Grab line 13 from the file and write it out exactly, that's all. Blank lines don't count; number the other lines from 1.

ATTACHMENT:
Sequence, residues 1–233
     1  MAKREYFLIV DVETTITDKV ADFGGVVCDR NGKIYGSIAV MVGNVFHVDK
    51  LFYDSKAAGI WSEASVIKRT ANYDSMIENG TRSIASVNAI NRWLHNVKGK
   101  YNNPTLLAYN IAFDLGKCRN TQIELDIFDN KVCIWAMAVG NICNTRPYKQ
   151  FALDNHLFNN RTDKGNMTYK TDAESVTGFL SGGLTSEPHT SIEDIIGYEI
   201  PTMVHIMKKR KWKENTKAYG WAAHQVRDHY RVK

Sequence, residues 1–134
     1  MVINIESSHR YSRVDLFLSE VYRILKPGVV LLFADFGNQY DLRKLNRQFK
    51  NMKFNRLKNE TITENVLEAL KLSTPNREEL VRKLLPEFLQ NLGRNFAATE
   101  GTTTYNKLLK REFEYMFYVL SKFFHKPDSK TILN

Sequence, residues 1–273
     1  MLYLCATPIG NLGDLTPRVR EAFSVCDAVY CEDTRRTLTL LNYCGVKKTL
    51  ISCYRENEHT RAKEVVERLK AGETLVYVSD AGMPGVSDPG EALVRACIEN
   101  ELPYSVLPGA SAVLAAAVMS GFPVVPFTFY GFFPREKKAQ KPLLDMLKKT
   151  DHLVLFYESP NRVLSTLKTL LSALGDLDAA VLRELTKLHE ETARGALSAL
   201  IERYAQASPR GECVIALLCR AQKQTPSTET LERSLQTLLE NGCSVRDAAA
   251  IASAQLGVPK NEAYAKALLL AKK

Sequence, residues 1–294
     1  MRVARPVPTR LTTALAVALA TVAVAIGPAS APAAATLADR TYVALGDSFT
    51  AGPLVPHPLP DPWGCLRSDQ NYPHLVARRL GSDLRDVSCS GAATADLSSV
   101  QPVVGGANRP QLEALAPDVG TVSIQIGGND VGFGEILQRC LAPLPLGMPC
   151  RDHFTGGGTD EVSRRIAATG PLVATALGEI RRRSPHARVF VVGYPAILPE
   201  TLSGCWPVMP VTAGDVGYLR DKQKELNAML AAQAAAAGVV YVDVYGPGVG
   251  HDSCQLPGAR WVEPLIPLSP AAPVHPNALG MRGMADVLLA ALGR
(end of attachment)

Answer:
    51  ISCYRENEHT RAKEVVERLK AGETLVYVSD AGMPGVSDPG EALVRACIEN